If a group of private equity investors had read the handwriting on the wall in 1980, Kodak stock down 65% from its peak, and had coughed up about $15B to buy the outstanding shares, what might they have done to maximize the value of the company and keep it off of life support? I think the Chemicals Division would have been spun off or sold almost immediately rather than a dozen years later. Kodak would never have bought a floppy disc company to make a product doomed to obsolescence in the near future. I think Sterling Drug would never have been bought…or sold a few years later at a loss. I think all the digital technology people and the digital patents and research would have been bundled up and spun off as a different company, KodakDT (for Kodak Digital Technologies) maybe, and shipped out of Rochester to Palo Alto with instructions to compete with the digital technology leaders. I think all fundamental R&D on silver halide would have been shut down, employment would have been reduced, and focus would have been put on TQM to reduce cost and required selling price for film and paper and to maximize the volume as “the air was gradually let out of the balloon,” a phrase from my former boss at Kodak who was smart enough to realize what was happening but powerless to do anything about it. Many Kodakers would have been unhappy, and Rochester would have suffered sooner rather than later, but chances of corporate success would have been greatly increased.
Unfortunately, 1980 would have been too late for the private equity owners to prevent Kodak entering the instant photography business which resulted in being sued by Polaroid for patent infringement and having to pay Polaroid $909 million in 1990.
If such a private equity strategy had worked as planned, KodakDT would be a leader today in digital imaging, film would still be a profitable, though much lower volume, product, and a big bunch of KodakDT employees would still have a bright future, a good trade-off for having had fewer employees laboring in a dying business over the past twenty years. And pensions and health care for retirees would be more secure.
It is just something to keep in mind as we consider the two approaches being proposed for “job creation.” We really don’t want or need job creation. What we want is meaningful work that builds economic value in the USA. It may be appealing to argue in favor of keeping a company going as long as possible just to provide jobs, even if the company is failing and the jobs are non-productive, but few really want to waste their time and talents in such enterprises. Most people want to work for a successful company and play a role in that success. For that reason, I’m voting for the business approach.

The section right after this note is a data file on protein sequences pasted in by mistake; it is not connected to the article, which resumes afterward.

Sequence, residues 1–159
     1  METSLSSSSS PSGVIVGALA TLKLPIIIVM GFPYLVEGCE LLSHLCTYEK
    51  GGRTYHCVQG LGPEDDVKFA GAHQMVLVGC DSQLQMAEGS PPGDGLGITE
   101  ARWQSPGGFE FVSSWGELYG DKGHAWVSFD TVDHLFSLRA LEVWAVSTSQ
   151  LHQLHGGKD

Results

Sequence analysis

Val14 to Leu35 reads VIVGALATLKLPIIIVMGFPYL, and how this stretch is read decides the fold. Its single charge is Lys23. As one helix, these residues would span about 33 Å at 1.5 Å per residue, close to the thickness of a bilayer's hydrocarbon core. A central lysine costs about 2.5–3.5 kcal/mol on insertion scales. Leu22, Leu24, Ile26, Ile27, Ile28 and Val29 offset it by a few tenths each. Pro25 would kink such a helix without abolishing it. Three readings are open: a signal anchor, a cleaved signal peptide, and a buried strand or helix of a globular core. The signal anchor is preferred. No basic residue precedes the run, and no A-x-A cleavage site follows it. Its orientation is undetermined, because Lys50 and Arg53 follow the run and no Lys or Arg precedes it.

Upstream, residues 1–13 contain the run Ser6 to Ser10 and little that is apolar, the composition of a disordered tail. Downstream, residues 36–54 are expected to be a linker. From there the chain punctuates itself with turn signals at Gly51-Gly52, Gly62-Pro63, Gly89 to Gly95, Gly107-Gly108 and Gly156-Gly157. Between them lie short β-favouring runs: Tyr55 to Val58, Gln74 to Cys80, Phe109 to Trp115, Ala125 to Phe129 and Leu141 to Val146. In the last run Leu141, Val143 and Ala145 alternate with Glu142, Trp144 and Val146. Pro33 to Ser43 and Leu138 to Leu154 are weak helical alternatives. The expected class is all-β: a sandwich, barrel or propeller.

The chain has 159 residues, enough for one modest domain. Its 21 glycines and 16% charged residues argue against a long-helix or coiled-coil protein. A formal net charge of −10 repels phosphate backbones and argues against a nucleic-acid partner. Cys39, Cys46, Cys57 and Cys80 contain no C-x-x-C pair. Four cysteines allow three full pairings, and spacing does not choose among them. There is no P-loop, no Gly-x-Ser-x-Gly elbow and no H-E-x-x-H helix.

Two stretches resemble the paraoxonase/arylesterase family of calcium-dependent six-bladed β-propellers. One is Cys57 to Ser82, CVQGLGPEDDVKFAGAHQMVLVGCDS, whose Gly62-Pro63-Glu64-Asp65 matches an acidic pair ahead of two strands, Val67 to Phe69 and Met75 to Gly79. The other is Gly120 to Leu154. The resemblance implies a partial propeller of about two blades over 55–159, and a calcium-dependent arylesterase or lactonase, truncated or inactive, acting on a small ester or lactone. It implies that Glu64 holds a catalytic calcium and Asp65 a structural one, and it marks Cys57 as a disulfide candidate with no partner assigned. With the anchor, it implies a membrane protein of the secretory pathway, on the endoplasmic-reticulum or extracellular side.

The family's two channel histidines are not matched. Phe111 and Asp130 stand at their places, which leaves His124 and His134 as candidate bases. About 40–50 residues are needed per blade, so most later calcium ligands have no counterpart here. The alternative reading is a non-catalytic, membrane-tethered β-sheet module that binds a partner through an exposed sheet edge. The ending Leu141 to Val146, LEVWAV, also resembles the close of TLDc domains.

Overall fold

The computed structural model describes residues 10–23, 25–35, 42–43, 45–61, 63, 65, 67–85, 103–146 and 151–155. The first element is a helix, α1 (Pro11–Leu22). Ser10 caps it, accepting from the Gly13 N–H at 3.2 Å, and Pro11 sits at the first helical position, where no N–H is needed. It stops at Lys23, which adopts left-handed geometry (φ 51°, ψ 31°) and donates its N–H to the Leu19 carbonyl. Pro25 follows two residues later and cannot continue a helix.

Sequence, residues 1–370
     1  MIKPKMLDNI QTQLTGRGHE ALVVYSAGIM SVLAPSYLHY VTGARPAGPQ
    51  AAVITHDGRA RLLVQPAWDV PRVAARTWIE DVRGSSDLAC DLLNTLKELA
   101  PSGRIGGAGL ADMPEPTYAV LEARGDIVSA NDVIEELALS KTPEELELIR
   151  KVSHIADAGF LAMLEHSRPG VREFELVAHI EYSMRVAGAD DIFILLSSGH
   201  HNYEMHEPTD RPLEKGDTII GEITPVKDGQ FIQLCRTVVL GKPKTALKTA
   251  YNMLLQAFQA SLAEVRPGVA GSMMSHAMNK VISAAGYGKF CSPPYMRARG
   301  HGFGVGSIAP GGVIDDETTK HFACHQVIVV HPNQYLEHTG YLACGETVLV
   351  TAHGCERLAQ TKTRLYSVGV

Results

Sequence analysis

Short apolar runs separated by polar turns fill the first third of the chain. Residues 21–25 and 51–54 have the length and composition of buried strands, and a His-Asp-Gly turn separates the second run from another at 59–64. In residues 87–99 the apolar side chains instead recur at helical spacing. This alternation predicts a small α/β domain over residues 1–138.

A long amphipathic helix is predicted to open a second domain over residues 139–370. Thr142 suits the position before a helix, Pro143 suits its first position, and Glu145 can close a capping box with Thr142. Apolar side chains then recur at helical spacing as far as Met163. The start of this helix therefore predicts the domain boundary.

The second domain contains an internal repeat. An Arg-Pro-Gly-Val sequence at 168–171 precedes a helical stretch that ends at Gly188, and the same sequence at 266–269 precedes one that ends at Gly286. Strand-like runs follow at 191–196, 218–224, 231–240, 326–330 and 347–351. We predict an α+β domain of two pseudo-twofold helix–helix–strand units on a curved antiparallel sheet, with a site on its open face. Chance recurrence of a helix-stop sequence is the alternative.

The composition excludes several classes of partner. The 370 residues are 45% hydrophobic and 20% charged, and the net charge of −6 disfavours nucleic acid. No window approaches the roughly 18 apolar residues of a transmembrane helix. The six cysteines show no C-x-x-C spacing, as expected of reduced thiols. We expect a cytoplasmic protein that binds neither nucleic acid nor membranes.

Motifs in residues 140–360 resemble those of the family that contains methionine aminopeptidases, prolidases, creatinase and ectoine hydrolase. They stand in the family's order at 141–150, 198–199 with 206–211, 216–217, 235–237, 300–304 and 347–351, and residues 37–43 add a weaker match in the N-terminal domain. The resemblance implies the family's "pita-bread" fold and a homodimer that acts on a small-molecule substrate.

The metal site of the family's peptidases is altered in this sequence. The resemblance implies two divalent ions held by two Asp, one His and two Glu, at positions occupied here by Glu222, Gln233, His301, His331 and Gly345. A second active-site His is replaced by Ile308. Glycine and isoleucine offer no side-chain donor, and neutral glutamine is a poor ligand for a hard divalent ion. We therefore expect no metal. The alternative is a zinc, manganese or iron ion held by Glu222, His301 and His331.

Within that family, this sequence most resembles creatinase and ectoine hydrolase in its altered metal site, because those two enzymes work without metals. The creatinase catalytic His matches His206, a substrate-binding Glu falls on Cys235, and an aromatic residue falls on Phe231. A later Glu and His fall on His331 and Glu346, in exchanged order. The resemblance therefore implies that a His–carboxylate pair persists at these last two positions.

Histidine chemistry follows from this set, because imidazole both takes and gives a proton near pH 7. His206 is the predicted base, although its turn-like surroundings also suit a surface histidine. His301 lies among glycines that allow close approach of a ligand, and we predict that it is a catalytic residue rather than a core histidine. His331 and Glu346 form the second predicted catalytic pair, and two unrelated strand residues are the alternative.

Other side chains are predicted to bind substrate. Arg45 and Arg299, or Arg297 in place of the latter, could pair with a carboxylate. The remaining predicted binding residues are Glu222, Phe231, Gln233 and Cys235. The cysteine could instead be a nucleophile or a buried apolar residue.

Afterthought: And, speaking of non-productive, created work, Kodak was a big target for the federal anti-trust regulators because of its monopoly on silver halide photography. After surviving consent decrees in response to successful federal anti-trust attacks on “private label” film (1921) and on bundling film and processing (1954), these issues became moot beginning in the 1980’s with the advent of digital photography and digital images and the proliferation of private label film and single use cameras. Kodak was able, in 1995, to have the consent decrees set aside based on the argument that the company no longer had any power in its markets. What an admission, and what a waste all that anti-trust activity was, perfect examples of created jobs destroying value simply because the trust busters had failed, along with Kodak, to understand the true scope of the market.
Another Afterthought: It is not only private equity managers that can make tough decisions and maximize value. Jack Welch ran GE for 20 years, creating so much value and keeping the stock price so high that no private equity investor could have touched the company. Private equity generally steps in only when a company is already in trouble.